Descriptive Essay Sample

Topics: Wing, Fixed-wing aircraft, Aircraft Pages: 3 (954 words) Published: January 23, 2013
Adam Gardner
Freshman English A
T/R 1:30PM
Into the Wild Blue Yonder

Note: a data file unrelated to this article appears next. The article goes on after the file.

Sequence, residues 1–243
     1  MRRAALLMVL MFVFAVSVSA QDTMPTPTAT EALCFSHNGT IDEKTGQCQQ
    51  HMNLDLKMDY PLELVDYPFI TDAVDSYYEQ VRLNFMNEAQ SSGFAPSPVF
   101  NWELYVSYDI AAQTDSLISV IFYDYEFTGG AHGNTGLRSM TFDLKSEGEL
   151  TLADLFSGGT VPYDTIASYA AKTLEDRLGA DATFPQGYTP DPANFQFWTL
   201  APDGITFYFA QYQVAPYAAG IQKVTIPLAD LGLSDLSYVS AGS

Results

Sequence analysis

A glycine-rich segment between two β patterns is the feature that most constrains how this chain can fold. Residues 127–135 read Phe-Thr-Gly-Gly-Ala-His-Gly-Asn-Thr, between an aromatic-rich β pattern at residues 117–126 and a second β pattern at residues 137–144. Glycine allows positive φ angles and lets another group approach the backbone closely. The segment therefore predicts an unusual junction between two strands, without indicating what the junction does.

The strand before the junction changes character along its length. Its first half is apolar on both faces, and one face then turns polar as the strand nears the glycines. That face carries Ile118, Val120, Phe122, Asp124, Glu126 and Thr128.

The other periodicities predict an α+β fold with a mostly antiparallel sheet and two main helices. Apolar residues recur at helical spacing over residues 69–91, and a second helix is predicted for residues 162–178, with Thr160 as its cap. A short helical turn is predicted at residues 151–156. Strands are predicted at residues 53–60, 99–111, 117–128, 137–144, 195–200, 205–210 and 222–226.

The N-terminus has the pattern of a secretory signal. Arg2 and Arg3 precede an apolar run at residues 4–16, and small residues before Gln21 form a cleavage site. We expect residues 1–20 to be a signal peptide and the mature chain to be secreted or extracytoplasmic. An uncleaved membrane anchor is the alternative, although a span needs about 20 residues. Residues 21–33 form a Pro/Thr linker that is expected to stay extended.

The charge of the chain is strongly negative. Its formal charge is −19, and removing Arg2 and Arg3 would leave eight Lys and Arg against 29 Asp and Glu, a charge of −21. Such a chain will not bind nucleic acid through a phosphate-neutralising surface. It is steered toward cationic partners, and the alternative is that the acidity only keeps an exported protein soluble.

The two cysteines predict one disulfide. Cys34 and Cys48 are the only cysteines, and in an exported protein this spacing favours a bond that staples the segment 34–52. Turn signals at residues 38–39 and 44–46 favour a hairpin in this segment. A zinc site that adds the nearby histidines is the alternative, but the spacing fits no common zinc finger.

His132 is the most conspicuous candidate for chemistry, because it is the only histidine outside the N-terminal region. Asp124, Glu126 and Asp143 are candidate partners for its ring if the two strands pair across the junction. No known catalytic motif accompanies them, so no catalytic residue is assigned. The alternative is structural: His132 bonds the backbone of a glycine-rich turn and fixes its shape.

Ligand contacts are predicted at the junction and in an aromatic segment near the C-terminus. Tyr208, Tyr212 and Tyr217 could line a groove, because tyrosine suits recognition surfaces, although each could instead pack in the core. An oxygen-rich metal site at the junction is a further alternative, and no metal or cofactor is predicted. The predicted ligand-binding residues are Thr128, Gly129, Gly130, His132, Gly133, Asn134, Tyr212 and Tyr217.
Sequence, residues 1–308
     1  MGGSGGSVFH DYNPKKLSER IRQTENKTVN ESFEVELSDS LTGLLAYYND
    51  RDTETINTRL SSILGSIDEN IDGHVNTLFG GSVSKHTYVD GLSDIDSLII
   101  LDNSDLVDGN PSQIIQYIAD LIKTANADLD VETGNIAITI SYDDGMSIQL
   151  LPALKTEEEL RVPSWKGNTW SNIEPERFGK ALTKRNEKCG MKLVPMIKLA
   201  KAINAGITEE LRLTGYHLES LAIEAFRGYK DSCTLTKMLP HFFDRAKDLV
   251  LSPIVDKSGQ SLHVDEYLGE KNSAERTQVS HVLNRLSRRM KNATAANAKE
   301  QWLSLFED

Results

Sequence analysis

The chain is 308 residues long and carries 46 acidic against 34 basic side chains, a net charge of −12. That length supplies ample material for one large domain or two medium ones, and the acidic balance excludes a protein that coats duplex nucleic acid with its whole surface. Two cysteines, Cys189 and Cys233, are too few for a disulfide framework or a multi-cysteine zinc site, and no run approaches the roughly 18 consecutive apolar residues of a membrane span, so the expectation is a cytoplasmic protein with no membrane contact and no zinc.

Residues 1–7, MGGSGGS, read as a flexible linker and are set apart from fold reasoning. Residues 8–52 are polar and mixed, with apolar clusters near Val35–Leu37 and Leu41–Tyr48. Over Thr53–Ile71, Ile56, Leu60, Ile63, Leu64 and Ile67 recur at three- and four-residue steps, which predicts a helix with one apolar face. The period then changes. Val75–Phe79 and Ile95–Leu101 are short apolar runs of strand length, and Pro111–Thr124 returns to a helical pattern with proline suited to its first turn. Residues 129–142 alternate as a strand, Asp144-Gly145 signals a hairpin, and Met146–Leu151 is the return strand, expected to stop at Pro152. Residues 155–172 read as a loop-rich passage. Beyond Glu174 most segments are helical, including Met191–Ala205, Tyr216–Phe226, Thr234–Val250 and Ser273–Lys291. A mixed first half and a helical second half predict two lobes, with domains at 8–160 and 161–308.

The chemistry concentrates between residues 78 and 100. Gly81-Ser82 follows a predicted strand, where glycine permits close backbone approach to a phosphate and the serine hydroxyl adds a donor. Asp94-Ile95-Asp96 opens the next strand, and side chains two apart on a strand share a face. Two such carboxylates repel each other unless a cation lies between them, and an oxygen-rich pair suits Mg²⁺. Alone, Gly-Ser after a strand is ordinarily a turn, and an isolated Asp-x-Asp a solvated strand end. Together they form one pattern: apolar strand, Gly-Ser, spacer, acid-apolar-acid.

Most people will never get the chance to fly an airplane. They will never get to experience the thrill of soloing for the first time or the terror of dodging crows at 100 mph. Most people will be familiar with the sensation of your stomach settling somewhere around your knees or your throat while on a roller coaster, well, flying an airplane makes that feel like walking down a flight of stairs. First off, I have to begin by describing to you just what an airplane looks like, in and out. Well, on the outside most small general aviation aircraft have a thin, cloth skin stretched over an aluminum skeleton for strength. The aircraft has four surfaces that control how the pilot can manipulate the plane in flight. On the outside trailing edge of the wings are the ailerons, they control how much the airplane rolls when the pilot turns the yoke (similar to a steering wheel in a vehicle) either right or left. On the inside of the wings, close to the body of the plane, are the flaps. They are used to produce extra lifting force at slower speeds, they are controlled by a handle in between the pilot and co-pilot seats. At the rear of the airplane on a flat surface parallel to the wings is the elevator, the pilot can move the yoke in or out to move the elevator either up or down, thus either lifting the tail for the plane to dive, or lowering the tail for the plane to climb. Above the elevator is a vertical control surface called the rudder, which the pilot controls with foot pedals to turn the plane left or right. Now a plane can be either high- or low-wing. Most of the aircraft at Henderson State University are high-wing, which means the wings are at the top of the body of the aircraft and not at the bottom. Our airplanes have what is known as tricycle gear, which means there are two wheels beneath the body of the plane where the wings are, and one beneath the nose of the airplane. Most...
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